In a recent decision of the Ontario Superior Court of Justice, the Court reaffirmed that the statutory oppression remedy is not a vehicle for creative plaintiffs to advance common wrongful dismissal claims.
In Abbasbayli v Fiera Foods Company et al, 2022 ONSC 1968 (Abbasbayli), the plaintiff was a non-shareholding employee of the defendant. He commenced an action against the defendant corporations for wrongful dismissal. The plaintiff’s action also included a plea of oppression under the Business Corporations Act (Ontario)(OBC”) against the individual directors of the defendant corporations. The oppression claim in the original claim was struck out for failing to disclose a cause of action, with leave granted to amend the pleading. The plaintiff amended, but the amended claim was again the subject of a motion to strike for failing to disclose a cause of action.
The Court again struck out the amended pleading of oppression, this time without leave to amend. Abbasbayli provides litigants with two key takeaways.
- Establishing oppression in connection with a wrongful dismissal
Although employees have advanced oppression claims in the past, the oppression remedy is not generally a vehicle for non-shareholding employees to advance wrongful dismissal claims. The plaintiff in Abbasbayli attempted to rely on a number of cases where non-shareholding employees were successful in claims for oppression. However, in almost all of those cases, there was some element of internal corporate maneuvering, used as a tool to defeat the employee’s legitimate claim for damages. Such corporate maneuvering included examples where the employer wound up the business, or where the employer’s assets were transferred out of the company, leaving the corporation unable to satisfy the outstanding claims of the employees. In the one case where there was no such corporate maneuvering, the sole officer and director of the employer had misled the plaintiff employees into working for the corporation while knowing all along that the corporation was never in a position to pay the employees what they were owed. It takes unusual circumstances for an employee to establish oppression in connection with a wrongful dismissal.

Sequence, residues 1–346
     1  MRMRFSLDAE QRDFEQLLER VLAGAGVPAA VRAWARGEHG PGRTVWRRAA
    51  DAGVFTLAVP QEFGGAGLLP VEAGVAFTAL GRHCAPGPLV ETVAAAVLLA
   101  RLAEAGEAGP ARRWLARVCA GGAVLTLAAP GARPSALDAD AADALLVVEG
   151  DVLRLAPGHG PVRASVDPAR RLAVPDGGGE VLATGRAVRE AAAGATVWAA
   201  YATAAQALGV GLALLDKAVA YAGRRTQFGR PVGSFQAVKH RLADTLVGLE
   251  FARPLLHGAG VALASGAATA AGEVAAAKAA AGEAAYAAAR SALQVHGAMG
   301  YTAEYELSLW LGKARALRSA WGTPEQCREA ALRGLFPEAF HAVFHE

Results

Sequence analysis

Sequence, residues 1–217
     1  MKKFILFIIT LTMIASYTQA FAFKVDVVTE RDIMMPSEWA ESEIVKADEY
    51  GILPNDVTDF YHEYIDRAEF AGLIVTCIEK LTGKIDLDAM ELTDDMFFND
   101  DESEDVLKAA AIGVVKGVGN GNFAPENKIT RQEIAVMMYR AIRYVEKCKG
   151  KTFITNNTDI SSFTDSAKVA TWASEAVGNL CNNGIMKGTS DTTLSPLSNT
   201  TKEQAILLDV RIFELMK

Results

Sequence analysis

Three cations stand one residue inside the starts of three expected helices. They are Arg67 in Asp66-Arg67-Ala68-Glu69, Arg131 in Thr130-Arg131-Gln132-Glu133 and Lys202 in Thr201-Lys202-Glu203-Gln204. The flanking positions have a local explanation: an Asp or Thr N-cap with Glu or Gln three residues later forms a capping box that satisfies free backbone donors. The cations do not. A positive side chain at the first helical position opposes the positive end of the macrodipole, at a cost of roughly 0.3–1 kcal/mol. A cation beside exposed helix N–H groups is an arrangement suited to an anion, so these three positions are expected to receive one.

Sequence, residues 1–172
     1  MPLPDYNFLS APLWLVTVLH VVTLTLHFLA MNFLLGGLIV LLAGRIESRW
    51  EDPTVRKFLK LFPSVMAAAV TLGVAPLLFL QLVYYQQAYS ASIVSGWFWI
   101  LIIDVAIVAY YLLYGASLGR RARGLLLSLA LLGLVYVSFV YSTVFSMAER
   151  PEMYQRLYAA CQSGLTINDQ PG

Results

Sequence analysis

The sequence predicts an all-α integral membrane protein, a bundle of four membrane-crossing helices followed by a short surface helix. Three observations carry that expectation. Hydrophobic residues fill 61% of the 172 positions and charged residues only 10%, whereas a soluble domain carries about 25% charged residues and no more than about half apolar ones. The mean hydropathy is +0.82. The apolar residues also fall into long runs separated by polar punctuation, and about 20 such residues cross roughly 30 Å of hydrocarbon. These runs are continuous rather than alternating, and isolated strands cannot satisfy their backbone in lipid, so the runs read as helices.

2. Interests protected by the oppression remedy
Although the definition of a complainant for the purposes of the oppression remedy is fairly broad, the oppression remedy only protects the interests of the complainant as a security holder, creditor, officer or director of the corporation. The Court considered the text of section 248 of the OBCA and concluded that while “complainant” may be broader than “security holder, creditor, director or officer of the corporation”, in order to establish oppression, the conduct complained of must be oppressive, unfairly prejudicial to, or unfairly disregarding of the interests of a security holder, creditor, director or officer of the corporation. Having considered the impugned provisions of the plaintiff’s amended pleading, the Court found that each of the plaintiff’s pleaded reasonable expectations were all qua employee, and not qua shareholder, creditor, officer, or director.
In the result, the Court in Abbasbayli struck the plaintiff’s pleading with respect to the oppression claim against the director defendants without leave to amend. Although leave to amend should only be refused in the clearest of cases, in this case, the plaintiff already had “the benefit of a prior motion and decisions from both [the ONSC] and the Court of Appeal,” and “the defendants’ [previous motion to strike] had provided a road map to the plaintiff about what was required to properly plead the claim.” Although the plaintiff had tried to fix the pleading by mirroring language from the various tests, it was clear that “an oppression remedy claim cannot succeed on these pleaded facts, even assuming them all to be true.” That’s because the claim was really a wrongful dismissal claim, not an oppression claim.
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 Abbasbayli at para 28.
 Ibid at para 21.
 Ibid at para 33.